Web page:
Filthy market sparks concern of Assam
The fish and meat-sellers of the market said its condition was a matter of concern
- Published 19.03.20, 2:56 AM
- Updated 19.03.20, 2:56 AM
- 2 mins read
The vendors of Herbertganj bazar here have decided to meet the deputy commissioner over the extremely unhygienic conditions of the 100-year-old market, especially in the time of coronavirus.
The fish and meat-sellers of the market said its condition was a matter of concern when the world was stressing the need for hygiene to prevent the spread of Covid-19.
A businessman, Sabul Hussain Mazumdar, alleged that the market was dirty, unhealthy and unhygienic. It lacks proper drainage, does not have a toilet and has become a dumping ground for garbage. He alleged that the civic organisation’s cleanliness work was a farce.
Fish vendor Amrit Das said the department of fisheries had constructed a concrete building, which was inaugurated on April 28, 2015, but was not in proper use.
Another fish vendor, Biplab Debnath, said after the day’s toil in such an unhealthy environment, they can’t eat properly after returning home as the stench of the market lingered. He said people take a bath or change clothes after visiting the market and women avoid the filthy market. “The Herbertganj fish and meat market is a living hell and may spread diseases if the strong action is not taken to keep it clean,” he said.
A tea stall owner in the market, Biplab Debnath, said they feel unsafe because of the mismanagement and unhygienic conditions.
Several buyers expressed unhappiness over vendors selling cut fish and meat despite the administration’s appeal against it.
When asked, a municipal ward commissioner, Arun Das, admitted that the market was dirty but said it was “not possible all the time to keep it clean because of shortage of manpower and infrastructure”. He also said that they wanted to build a toilet in the market but could not because of objection by some traders.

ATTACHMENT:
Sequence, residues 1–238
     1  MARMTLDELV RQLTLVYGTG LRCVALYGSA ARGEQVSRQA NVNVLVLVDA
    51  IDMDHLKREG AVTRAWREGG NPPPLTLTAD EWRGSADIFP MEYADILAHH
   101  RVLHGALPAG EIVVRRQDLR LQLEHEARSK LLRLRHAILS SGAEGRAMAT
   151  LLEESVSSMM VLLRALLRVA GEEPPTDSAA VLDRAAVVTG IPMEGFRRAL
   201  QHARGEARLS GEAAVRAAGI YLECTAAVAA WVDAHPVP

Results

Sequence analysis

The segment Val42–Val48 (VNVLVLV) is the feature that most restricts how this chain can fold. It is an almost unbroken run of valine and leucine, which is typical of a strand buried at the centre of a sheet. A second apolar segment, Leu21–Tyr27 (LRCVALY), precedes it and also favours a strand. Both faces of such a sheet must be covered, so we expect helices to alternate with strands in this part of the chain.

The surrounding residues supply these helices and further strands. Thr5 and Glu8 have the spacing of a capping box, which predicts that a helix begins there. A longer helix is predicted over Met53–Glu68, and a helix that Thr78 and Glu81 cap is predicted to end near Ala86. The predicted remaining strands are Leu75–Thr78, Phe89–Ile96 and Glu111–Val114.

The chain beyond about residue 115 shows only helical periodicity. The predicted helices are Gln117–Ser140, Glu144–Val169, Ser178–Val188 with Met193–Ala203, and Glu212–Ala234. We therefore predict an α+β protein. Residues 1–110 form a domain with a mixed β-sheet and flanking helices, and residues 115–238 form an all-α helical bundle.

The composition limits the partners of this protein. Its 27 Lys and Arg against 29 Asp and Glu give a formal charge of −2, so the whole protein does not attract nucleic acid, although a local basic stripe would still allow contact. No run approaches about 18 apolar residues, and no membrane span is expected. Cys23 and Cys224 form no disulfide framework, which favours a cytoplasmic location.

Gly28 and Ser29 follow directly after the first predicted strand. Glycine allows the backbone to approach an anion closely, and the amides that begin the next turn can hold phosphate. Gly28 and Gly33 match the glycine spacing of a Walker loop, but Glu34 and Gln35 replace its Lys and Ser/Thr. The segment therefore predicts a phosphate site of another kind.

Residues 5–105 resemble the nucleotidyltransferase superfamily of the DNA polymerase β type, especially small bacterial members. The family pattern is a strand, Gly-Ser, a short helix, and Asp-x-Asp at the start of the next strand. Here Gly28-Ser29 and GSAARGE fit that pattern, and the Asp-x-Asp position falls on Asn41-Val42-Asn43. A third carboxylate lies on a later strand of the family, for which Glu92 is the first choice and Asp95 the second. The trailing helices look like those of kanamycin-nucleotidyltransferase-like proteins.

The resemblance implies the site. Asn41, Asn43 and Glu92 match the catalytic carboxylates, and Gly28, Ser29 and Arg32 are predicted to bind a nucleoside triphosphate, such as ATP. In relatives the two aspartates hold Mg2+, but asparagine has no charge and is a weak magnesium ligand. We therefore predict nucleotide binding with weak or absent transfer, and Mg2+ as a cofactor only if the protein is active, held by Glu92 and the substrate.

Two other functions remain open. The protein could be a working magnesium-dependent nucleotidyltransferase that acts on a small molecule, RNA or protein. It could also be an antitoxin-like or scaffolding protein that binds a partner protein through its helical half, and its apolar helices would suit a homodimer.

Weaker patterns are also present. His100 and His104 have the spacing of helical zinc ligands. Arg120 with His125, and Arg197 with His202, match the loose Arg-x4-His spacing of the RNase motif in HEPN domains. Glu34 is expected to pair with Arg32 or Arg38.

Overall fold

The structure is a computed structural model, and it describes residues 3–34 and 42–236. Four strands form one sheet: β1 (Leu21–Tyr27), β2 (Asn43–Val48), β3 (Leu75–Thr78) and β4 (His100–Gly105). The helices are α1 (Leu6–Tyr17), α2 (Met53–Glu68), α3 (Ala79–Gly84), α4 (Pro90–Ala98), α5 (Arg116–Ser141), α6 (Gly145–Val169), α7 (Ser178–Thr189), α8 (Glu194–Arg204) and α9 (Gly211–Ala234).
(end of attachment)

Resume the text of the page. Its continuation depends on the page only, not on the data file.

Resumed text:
Deputy commissioner Keerthi Jalli said, “To maintain cleanliness and hygiene in the town area, the municipal and town committee of Hailakandi district will take extra steps and precaution to clear the garbage.”
Tripura markets: In Tripura, sales at meat and fish markets have been badly hit though the state and central governments have repeatedly publicised the World Health Organisation’s advisory that poultry and eggs, don’t carry or spread coronavirus and was safe for consumption.
“We are facing huge losses since the outbreak of coronavirus. People are hesitant to consume meat or egg. Usually, we sell poultry chicken for around Rs 130-180 a kilo but now it has gone down to Rs 50-70,” Kartik Das, 35, who has a meat shop at Maharajganj bazar here.
Tapan Banik, who sells ducks, said they are not able more than 10 in a day because of the rising temperature and the coronavirus threat. Many of the smaller markets have also suffered huge losses .
Animal rearing development department director Dilip Kumar Chakma said, “We are sensitising people through media advertisements, audio-visual appeals, public announcements and notifications. The Centre has clarified the virus spreads through human contact and not through chicken or eggs,” he said.
Additional reporting by Tanmoy Chakraborty in Agartala